LOS ANGELES - Grapping with regional trash disposal problems, local governments in San Diego County, Calif., are debating whether to create an intergovernmental agency empowered to issue solid-waste debt obligations.

Propelling the discussions is a newly opened municipal trash sorting plant, known as a materials recovery facility, in San Marcos. The plant cost $134 million to build and was financed with tax-exempt bonds.

The plant, one of the largest in the nation, opened earlier this year and is projected to cost $27 million annually to operate. But a storm of controversy erupted when analysts said it will only generate about $5 million annually in revenues from recycling.

Nonetheless, San Diego County officials are depending the plant, noting that the need for recycling is derived from the California Integrated Waste Management Act of 1989, which requires local governments to decrease their reliance on landfills.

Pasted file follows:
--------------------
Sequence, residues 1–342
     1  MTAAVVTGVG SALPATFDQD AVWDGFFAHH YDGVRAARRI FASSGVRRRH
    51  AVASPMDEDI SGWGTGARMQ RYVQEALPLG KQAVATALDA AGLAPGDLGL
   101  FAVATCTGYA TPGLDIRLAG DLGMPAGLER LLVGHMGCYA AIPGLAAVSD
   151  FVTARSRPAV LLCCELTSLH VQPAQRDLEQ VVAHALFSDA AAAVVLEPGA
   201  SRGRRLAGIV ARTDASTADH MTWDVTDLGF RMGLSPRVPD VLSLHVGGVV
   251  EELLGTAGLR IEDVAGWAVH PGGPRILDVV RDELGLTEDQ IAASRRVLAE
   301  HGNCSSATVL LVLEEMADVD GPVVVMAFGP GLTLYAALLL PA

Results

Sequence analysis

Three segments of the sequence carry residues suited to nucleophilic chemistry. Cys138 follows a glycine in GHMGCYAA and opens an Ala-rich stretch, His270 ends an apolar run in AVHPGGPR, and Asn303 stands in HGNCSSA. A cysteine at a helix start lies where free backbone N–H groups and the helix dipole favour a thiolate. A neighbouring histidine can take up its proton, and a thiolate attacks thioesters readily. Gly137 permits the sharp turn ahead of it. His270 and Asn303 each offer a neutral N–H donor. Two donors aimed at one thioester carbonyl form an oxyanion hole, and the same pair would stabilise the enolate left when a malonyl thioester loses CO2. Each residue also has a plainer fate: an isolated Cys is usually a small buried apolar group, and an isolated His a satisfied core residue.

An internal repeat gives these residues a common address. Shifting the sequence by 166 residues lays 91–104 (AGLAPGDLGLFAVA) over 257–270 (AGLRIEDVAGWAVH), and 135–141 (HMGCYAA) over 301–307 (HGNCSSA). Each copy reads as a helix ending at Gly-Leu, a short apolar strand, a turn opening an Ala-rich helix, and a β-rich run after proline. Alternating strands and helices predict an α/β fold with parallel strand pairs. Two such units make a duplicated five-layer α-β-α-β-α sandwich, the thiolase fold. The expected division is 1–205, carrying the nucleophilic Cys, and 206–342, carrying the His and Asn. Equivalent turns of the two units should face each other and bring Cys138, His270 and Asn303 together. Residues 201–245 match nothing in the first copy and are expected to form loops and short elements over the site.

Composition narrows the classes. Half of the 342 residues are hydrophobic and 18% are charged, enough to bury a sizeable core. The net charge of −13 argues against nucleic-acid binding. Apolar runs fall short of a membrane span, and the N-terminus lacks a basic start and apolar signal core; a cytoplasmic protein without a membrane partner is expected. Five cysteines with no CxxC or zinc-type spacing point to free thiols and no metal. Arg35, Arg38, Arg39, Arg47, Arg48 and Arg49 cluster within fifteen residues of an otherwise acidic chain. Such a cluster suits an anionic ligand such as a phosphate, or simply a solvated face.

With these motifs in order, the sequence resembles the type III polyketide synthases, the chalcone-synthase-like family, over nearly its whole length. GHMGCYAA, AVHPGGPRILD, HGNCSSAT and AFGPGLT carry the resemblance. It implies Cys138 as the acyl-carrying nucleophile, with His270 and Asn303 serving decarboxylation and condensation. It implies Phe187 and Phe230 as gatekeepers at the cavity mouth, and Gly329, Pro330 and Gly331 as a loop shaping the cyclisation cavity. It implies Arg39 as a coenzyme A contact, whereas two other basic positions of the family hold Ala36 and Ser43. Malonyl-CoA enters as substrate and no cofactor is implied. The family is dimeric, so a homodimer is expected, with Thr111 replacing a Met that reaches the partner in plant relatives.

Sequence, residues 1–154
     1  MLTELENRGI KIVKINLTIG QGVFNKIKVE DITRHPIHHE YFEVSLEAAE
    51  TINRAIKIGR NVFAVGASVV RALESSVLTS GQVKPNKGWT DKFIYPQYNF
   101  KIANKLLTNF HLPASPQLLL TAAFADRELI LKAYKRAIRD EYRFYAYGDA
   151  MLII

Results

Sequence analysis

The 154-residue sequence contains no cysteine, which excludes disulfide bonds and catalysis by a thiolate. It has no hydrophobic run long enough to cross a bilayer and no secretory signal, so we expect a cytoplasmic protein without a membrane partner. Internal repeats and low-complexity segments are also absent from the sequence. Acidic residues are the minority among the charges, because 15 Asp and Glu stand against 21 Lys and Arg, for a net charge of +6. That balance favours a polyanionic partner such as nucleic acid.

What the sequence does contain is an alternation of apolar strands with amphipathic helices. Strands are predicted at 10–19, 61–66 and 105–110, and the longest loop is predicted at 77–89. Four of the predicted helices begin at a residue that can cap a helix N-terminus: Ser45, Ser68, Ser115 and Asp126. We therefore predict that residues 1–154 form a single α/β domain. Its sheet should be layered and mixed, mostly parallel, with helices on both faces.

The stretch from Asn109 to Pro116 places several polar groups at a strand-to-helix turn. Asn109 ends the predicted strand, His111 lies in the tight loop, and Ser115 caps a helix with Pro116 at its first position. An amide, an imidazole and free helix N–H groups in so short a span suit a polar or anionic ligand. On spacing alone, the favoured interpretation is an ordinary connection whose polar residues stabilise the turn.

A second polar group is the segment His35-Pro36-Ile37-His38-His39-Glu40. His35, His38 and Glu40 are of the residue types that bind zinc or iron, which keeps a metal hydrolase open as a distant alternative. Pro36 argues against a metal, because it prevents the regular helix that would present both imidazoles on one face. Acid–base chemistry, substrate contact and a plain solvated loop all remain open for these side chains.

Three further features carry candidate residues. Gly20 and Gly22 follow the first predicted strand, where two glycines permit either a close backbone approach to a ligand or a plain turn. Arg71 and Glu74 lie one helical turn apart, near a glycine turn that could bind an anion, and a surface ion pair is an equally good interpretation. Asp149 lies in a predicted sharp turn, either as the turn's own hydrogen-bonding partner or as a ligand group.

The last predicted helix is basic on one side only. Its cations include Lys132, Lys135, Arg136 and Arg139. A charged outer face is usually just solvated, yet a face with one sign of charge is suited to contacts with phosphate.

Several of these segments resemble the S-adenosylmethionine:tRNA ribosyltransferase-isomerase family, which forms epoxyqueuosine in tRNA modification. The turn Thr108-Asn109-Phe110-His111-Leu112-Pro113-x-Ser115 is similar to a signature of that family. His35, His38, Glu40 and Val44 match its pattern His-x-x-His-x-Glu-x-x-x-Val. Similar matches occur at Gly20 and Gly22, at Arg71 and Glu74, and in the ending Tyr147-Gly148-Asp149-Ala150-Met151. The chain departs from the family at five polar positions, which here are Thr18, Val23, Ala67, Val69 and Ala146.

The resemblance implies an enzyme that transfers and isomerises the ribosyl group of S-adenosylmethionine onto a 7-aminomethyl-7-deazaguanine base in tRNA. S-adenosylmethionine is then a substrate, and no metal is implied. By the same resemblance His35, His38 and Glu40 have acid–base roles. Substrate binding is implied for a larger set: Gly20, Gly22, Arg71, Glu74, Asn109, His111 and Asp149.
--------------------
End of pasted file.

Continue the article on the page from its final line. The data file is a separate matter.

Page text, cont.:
The state's local governments are supposed to divert 25% of their waste stream from landfills by next year, and 50% by 2000. Noncompliance fines are $10,000 a day, but are waived if the locality is making a good faith effort to comply.

With frustration mounting over the San Marcos recycling plant, cities in San Diego County want to form in San Diego Solid Waste Management Authority, which they said would expand their control over the county's solid waste stream. Approval to create such an authority requires a majority vote of the five-member county board of supervisors and the support of only one of the county's 18 cities.